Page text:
In the demolition sector the main talking point seems to be how sub continent buyers are managing to circumvent US and European embargoes by buying up to 8 VLCC's which have been linked with Iran.
Whilst Pakistan (the usual destination for large tankers) has not got involved, it seems Bangladesh and India are both willing to take the risk basis discounted prices. Meanwhile other demolition business continues against generally weak demand from the sub continent as monsoon season and Ramadan continues, whilst China remains a little more active but still paying rates generally about $40-50 below sub continent offerings.

Kriza u brodarstvu ne jenjava i traže se modeli za izlazak iz nje. U sledećem članku nalazi se interesantan primjer koji predstavlja odgovor njemačkih brodara, brokera a i banaka, a kojim će se na drugačijim osnovama postaviti fluktuiranje vrijednosti brodova a samim time i način otplate kredita. Naravno, bez odgovora , za sada, ostaju pitanja kao na primjer : što ako neki brodar poželi da proda svoj brod iz bilo kojih razloga? Koja će se cijena primjenjivati ? Kako će se valutacije koje ne odgovaraju tržišnim reflektovati na portofolio banaka ? Kako će revizori obavljati svoj dio posla ? Ova i mnoštvo drugih pitanja sigurno će biti plodno tlo za rasprave koje će nakon primjene ovog zakona uslijediti .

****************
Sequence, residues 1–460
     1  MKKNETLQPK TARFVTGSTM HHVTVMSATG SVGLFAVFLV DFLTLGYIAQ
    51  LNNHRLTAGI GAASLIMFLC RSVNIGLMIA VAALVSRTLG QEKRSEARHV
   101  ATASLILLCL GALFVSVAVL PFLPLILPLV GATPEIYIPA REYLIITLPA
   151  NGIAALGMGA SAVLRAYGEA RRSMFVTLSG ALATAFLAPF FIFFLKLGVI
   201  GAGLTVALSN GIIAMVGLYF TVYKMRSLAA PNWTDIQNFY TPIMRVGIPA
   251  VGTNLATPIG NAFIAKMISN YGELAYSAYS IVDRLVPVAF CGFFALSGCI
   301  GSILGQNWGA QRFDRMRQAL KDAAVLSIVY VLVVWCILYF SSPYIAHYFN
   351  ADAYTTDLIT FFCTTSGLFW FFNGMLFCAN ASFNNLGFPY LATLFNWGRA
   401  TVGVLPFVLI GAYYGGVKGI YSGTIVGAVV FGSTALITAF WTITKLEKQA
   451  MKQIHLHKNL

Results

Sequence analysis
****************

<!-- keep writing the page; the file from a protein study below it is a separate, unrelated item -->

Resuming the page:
Last week the German government introduced new rules (The Capital Investment Accounting and Valuation Ordinance) governing the calculation of ship values under the umbrella of the new Capital Investment Code, a measure that has been endorsed by German shipowners and shipbrokers alike. In essence, it accepts the relevance of the long-term asset value (LTAV) method of discounting future cashflows in helping to determine ship values in a disrupted market. We recall that this model was first introduced in 2009, to widespread derision, at a time when markets were in seizure. It had become difficult to determine asset values in a market suddenly devoid of S&P activity, made worse by the suspension of Clarksons' weekly ship valuation benchmarks. In a normally functioning market, vessel appraisers will assess the market value on any given day based upon the concept of 'willing buyer, willing seller'. In 2009 this was not possible. It was more a case of 'willing buyer, unwilling seller' and 'opportunistic buyer, forced seller'. A loss of confidence, accompanied by a theoretical collapse in values, paralysed S&P activity. It also triggered a wave of buyer defaults at shipyards and panic amidst financing banks no longer able to track their exposure. So, a combination of current fair market value (FMV) and LTAV assessments is not a bad idea, but there are flaws in each as we will attempt to illustrate.